Wednesday, March 11, 2015

Sports, Scouting and Second-Guessing..(part 1)

Things haven’t been going the way that they were “planned” as of late.  Actually, that’s a lie. They never go as I had imagined when I first had my boy.

I thought of all of the things I would do with him once he was bigger…. Little League, Cub Scouts, School fun days, riding his bike, playdates with friends.  I had this picture in my mind.  I think we all get this picture once our children are born, it’s natural to think of the future fun.

But that was then……… this is now. I have a son that would rather read than play, has no real friends and is so afraid of failing -  so he doesn’t want to even try.... BUT he also wants to do what the other kids are doing. He wants to be involved in all that they do. 

So, in Kindergarten he asked me if he could play baseball.  He had seen the kids out practicing in the field behind his school. I was a bit unsure, but figured that all of the kids would be about on the same level, since they were all so little.  Boy was I wrong!  I had no idea that most of them started T-ball at 3 years old.  He was already behind the curve, but there were a few others, so his differences did not stand out too much.  It was hard to watch, but he made progress….. I made progress in not caring what other’s thought.  We still didn’t have a diagnosis, but I knew something was just “off”.

Our little baseball player

The next year he begged me to play again. By this time we had received the diagnosis of autism. I figured we would try and if he didn’t last the season, well, then we wouldn’t worry about it. He lasted the season, but even though he didn’t notice…… I did…… the differences were showing to the other kids. They were picking up on his quirks and making fun of him.  I played momma bear and tried to teach them to play nicely with each other, no matter who they were dealing with.  Once again, he was happy and once again, I was miserable. I was happy that he hadn’t seen the cruelness of kids, but hurt that when he finally did notice, that he would see it was directed at him.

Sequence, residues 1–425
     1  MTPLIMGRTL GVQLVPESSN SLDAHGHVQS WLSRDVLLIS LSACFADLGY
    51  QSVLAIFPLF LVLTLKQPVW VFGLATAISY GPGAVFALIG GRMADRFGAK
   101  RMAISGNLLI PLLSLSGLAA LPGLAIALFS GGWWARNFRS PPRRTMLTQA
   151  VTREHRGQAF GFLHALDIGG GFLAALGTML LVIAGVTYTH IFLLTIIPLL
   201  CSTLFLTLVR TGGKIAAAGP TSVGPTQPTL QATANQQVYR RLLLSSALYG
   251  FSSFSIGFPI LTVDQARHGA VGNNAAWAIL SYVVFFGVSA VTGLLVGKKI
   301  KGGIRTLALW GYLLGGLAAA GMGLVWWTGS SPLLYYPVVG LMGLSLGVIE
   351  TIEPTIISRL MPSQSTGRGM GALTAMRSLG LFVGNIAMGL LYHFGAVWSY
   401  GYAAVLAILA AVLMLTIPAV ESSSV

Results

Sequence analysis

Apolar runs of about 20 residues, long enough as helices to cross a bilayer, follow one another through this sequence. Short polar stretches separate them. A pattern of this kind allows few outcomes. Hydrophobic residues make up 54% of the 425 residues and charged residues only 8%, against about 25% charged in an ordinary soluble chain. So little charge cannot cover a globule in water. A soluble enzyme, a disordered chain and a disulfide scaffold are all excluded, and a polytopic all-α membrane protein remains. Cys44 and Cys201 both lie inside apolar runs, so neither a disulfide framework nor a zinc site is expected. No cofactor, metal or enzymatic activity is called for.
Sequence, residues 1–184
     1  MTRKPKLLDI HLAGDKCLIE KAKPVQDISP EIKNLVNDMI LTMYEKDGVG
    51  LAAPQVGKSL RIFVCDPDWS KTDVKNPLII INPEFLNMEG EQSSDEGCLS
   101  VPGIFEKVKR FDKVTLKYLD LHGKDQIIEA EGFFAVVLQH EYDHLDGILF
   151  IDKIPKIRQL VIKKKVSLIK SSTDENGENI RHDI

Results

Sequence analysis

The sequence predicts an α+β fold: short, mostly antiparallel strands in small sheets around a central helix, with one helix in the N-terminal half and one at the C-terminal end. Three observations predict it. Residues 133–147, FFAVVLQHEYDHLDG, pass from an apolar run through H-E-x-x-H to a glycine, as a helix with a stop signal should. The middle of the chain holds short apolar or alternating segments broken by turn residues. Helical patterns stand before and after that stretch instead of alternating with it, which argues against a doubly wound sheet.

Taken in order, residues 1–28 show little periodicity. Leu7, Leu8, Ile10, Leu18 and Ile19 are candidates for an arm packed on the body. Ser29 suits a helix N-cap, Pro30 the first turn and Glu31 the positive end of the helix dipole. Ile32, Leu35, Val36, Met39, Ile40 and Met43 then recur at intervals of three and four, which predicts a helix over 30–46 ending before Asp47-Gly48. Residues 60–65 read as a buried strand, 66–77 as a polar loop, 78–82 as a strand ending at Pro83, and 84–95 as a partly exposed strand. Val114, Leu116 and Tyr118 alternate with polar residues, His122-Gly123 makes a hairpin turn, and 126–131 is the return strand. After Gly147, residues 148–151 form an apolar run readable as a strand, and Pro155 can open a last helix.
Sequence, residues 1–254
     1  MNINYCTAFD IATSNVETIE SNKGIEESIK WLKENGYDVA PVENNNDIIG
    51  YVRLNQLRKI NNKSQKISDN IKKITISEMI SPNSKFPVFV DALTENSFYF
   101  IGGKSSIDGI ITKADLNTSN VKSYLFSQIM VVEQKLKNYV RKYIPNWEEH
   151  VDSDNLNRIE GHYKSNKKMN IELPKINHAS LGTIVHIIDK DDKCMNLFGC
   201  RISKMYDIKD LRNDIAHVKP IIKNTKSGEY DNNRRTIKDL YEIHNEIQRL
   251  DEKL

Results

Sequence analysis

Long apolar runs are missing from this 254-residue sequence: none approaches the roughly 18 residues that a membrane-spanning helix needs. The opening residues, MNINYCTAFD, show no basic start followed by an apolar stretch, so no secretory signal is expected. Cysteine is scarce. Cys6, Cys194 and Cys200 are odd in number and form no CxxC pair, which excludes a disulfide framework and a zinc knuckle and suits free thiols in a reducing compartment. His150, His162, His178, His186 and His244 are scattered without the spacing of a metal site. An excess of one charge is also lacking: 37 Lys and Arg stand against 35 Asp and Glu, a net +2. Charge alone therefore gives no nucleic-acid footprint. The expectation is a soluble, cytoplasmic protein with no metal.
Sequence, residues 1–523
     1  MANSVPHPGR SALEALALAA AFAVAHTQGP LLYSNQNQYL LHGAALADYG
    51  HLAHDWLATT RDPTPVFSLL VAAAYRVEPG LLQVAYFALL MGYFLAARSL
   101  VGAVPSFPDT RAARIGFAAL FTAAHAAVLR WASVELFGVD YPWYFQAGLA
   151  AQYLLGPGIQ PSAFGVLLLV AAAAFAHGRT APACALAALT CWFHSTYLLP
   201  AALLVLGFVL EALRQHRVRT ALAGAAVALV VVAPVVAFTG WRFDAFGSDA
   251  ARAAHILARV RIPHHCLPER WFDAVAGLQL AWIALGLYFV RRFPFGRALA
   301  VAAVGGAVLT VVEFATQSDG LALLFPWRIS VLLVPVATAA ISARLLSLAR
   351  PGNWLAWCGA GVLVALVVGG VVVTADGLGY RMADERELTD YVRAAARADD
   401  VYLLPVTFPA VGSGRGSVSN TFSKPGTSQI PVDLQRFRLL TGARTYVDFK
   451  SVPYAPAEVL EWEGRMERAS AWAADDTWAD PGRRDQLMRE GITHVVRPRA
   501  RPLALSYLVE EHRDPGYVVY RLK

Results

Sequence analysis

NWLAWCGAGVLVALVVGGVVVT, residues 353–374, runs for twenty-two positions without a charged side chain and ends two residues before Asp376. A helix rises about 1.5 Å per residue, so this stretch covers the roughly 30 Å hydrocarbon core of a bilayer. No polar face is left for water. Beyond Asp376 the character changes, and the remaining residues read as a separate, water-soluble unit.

I was happy that the next year, he never mentioned baseball again. I asked him about signing up, just in case, but he declined. I was thrilled when he didn’t want to.  I figured that he had just been bored in the outfield and that sports were just not his bag.

I was wrong once again. You would think that I would get used to this, but it still amazes me each time I’m wrong!  He piped up at the end of summer that the kids at school were going to be playing soccer and that he thought he would be a great soccer player. AHHHHHH!!!  I had hoped that we were done with sports, but alas…..  So I signed him up with the rec department with much trepidation. I pulled aside one of the board members that looked like a grandmotherly type during their evaluations, told her of my plight and asked if she could put him on a team with a coach who would be understanding and supportive. She was an answer to prayer. He had a great coach that never left him out.  He taught the kids to value one another and that everyone had different skills and traits.  It is amazing what a good coach can do.  He loved it, I loved the team and even though I could see the differences, we made it through a great season. Yippee!

I'm not sure if he is excited enough!

Fast forward to the next season……… He asked, I signed him up, I once again had a quick chat with the same board member…….. and lo and behold…….. we got a crappy coach!  The kids made fun of him, one kid actually hit him in the face with a ball on purpose (kid & parent were mad that he was punished by another coach that saw it) and he was only put in for a couple of minutes each game because he wasn’t a “star player”.  Many of us parents went to this coach about his attitude and behavior…… but it didn’t really change.  He still had fun, and it was nice to meet a great group of parents .  Now being 8, I could see so many differences, but we were better at working through them…… we were both learning.